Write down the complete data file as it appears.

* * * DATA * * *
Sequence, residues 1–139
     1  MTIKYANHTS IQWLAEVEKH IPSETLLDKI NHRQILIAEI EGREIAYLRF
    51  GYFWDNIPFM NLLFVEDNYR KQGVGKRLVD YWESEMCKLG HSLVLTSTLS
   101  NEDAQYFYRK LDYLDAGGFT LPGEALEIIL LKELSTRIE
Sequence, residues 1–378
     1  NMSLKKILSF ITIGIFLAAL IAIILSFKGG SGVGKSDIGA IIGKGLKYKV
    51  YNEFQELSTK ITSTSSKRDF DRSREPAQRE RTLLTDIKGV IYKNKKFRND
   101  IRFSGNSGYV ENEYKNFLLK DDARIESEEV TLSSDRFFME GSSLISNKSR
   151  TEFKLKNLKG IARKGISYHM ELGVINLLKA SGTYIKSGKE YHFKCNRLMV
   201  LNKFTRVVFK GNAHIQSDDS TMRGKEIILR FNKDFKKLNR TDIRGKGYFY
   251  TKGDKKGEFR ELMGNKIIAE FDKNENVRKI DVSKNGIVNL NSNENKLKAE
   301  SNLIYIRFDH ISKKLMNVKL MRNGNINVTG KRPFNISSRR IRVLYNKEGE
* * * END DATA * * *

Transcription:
Sequence, residues 1–139
     1  MTIKYANHTS IQWLAEVEKH IPSETLLDKI NHRQILIAEI EGREIAYLRF
    51  GYFWDNIPFM NLLFVEDNYR KQGVGKRLVD YWESEMCKLG HSLVLTSTLS
   101  NEDAQYFYRK LDYLDAGGFT LPGEALEIIL LKELSTRIE
Sequence, residues 1–378
     1  NMSLKKILSF ITIGIFLAAL IAIILSFKGG SGVGKSDIGA IIGKGLKYKV
    51  YNEFQELSTK ITSTSSKRDF DRSREPAQRE RTLLTDIKGV IYKNKKFRND
   101  IRFSGNSGYV ENEYKNFLLK DDARIESEEV TLSSDRFFME GSSLISNKSR
   151  TEFKLKNLKG IARKGISYHM ELGVINLLKA SGTYIKSGKE YHFKCNRLMV
   201  LNKFTRVVFK GNAHIQSDDS TMRGKEIILR FNKDFKKLNR TDIRGKGYFY
   251  TKGDKKGEFR ELMGNKIIAE FDKNENVRKI DVSKNGIVNL NSNENKLKAE
   301  SNLIYIRFDH ISKKLMNVKL MRNGNINVTG KRPFNISSRR IRVLYNKEGE